Insured losses across the U.S. as a result of catastrophe events increased 19% on 2013’s total, at $15.4 billion, as the frequency of events toppled the ten-year-average, according to the latest data from Property Claims Services (PCS) Q4 and Full-Year 2014 Catastrophe Review.
The information in the report looks at PCS-designated catastrophe events only, being disasters that PCS believes will cause an industry loss of $25 million or greater, and despite a hike on last year’s figure the PCS U.S. insured loss total is someway off the ten-year-average, of $22.7 billion.
PCS noted 32 catastrophe events throughout the states for the entirety of 2014, a minimal increase on the 29 recorded in 2013, but surpassing the ten-year-average of 29.5 events. PCS notes that; “Over the past ten years, 2014 is one of only five years in which the number of catastrophe events designated by PCS reached at least 30.”
The report also explains that resurveys are open on one catastrophe event, while initial estimates for another event are yet to be submitted, meaning there’s a high possibility the $15.4 billion figure will be raised.
The impact of catastrophe events was felt across 38 U.S. states, Texas was the most affected region with costs equaling $2.2 billion.
Colorado, Illinois, Pennsylvania and Nebraska completed the top five most affected states, which all incurred costs surpassing $1 billion, at $1.7 billion, $1.2 billion, $1.2 billion and $1.1 billion, respectively. Again, PCS notes, catastrophe-prone Oklahoma doesn’t feature in the top ten most affected states.
Q4 2014 alone witnessed a particularly high frequency of events; as PCS recorded six individual catastrophes, almost double the ten-year-average of 3.3. Despite this, the fourth-quarter of 2014 was the quietest Q4 since 2009 ($200 million), creating costs of roughly $700 million.
The company’s catastrophe report also offers a breakdown of losses in respect of business lines, revealing a 2% hike on commercial losses from 2013, at 21%, and a 2% loss dip for personal losses, at 60% – auto came in the same as the previous year at 19%.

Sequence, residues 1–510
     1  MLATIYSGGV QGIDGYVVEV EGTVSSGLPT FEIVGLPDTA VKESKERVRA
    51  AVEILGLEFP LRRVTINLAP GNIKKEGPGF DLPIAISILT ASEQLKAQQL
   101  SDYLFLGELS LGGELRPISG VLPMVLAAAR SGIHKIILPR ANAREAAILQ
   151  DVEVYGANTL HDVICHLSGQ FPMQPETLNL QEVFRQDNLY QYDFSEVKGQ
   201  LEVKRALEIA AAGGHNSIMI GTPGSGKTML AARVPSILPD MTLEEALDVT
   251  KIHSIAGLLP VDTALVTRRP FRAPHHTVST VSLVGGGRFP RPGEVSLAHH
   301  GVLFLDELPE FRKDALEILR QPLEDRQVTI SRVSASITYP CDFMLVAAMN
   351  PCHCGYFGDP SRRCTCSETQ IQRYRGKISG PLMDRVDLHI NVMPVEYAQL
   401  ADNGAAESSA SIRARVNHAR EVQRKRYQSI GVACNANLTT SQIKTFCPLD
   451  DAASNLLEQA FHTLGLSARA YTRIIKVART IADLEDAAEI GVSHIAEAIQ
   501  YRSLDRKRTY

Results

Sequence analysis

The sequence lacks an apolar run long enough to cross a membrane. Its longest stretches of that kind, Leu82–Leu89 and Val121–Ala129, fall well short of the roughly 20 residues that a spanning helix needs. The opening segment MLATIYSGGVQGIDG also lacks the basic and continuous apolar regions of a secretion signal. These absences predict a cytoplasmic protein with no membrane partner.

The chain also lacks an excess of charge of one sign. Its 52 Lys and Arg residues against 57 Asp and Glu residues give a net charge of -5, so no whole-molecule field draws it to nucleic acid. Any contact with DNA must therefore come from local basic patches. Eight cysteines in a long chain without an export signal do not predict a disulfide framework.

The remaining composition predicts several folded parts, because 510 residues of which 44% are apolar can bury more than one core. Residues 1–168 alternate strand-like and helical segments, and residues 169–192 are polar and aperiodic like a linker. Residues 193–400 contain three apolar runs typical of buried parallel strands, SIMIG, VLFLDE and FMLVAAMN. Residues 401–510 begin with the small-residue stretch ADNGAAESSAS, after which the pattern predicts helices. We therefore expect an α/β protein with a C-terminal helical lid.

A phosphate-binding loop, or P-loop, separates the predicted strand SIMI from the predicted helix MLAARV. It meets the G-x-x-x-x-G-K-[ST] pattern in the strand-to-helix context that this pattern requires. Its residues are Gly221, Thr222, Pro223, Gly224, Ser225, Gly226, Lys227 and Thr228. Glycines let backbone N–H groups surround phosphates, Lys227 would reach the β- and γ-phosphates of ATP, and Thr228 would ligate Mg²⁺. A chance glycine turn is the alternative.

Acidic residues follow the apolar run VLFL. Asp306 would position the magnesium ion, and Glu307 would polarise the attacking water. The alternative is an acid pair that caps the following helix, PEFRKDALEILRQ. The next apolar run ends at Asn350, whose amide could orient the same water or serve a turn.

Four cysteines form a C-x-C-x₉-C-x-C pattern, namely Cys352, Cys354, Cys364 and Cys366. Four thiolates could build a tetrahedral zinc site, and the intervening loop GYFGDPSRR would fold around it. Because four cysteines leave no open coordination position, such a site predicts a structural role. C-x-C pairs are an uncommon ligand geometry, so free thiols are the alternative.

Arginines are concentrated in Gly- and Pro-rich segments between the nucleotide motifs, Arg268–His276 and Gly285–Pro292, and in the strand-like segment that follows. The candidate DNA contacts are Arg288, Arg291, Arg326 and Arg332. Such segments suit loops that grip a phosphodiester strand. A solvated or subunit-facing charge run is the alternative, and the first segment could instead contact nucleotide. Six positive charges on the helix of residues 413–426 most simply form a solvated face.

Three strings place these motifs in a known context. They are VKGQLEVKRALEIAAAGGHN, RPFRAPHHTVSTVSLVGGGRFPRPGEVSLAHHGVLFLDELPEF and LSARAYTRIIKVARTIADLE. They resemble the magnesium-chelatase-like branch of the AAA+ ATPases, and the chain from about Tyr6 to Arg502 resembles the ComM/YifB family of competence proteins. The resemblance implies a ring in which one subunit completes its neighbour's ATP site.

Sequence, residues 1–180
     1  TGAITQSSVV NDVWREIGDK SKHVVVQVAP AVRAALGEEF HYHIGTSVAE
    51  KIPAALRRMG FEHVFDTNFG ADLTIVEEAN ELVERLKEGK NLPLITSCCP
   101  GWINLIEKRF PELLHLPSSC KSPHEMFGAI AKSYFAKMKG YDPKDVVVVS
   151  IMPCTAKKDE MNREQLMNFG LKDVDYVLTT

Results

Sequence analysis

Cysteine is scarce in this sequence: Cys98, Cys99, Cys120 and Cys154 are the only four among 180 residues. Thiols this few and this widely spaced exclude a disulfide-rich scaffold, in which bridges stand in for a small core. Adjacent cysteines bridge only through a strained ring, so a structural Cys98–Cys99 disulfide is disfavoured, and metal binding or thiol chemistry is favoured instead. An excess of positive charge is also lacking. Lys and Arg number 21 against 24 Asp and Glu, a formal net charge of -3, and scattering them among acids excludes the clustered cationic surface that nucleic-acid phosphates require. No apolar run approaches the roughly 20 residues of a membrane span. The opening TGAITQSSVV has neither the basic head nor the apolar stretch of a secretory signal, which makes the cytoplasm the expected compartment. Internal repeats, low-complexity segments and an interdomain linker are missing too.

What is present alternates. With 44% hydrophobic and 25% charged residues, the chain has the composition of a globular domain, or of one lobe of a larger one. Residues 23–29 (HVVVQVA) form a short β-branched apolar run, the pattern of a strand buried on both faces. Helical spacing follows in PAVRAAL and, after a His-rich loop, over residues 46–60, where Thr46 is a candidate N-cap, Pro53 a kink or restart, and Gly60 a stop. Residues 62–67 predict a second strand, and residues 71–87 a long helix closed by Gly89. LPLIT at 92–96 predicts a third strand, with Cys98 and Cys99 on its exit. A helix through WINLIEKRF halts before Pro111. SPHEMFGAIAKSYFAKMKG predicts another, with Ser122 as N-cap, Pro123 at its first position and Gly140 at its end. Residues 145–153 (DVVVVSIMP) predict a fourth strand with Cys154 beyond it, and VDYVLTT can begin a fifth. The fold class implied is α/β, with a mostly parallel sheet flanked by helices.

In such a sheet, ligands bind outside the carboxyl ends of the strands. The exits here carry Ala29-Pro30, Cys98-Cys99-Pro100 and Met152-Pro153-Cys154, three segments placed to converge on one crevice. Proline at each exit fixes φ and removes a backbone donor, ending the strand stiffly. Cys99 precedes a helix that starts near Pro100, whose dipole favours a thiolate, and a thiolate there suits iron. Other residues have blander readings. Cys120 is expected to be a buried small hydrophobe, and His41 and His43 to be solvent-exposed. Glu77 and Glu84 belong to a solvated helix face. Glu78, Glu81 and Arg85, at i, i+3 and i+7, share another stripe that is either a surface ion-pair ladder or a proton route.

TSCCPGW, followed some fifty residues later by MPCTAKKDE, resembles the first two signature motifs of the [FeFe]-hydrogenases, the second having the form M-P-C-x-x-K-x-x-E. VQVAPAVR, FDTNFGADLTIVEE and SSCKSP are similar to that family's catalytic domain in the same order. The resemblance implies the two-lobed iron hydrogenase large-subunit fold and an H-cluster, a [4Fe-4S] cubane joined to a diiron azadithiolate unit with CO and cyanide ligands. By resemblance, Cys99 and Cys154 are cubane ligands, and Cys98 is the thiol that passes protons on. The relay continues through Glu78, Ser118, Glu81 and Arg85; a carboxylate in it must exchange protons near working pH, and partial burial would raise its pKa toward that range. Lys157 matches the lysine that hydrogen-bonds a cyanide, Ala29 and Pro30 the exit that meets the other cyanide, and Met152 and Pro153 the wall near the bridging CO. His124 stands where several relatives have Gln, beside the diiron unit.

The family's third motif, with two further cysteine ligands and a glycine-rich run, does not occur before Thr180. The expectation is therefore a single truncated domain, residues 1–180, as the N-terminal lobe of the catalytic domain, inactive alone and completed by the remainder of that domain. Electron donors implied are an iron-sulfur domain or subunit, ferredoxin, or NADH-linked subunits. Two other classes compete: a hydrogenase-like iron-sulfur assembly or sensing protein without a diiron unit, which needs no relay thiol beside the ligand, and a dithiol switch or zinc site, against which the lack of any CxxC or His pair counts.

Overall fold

PCS’ catastrophe review also includes data from the impact of catastrophe events in Canada, signaling that insured catastrophe losses dropped by a huge 72% year-on-year. The study notes that; “While that may appear to be a significant drop, 2013 was the most active year on record for PCS Canada, with more than $3 billion in insured losses from PCS-designated catastrophe events.”
Total insured losses across Canada totaled roughly C$900 million ($751.566 million) from a total of five events, one of which was in the fourth-quarter, coming in slightly below the country’s frequency five-year-average of 5.8 events.
The single Q4 catastrophe event impacted one of Canada’s most catastrophe-prone provinces, Ontario, whilst also affecting Quebec. Over the last four years Ontario and Alberta, the latter another particularly catastrophe-prone region in Canada, have incurred combined cat losses of $7.1 billion.
For the entire North American region PCS-designated catastrophe event frequency was up on 2013 by two events, at 37. But regardless of this insured losses across the U.S. and Canada were some way off the PCS averages.
Despite a climb in the amount of adverse weather events and a slight increase in the severity of these events, while insured losses remain below the long-term averages there is nothing to prevent continued downward pressure on insurance and reinsurance rates.
You can download a full copy of PCS’ Q4 and Full-Year 2014 Catastrophe Review.
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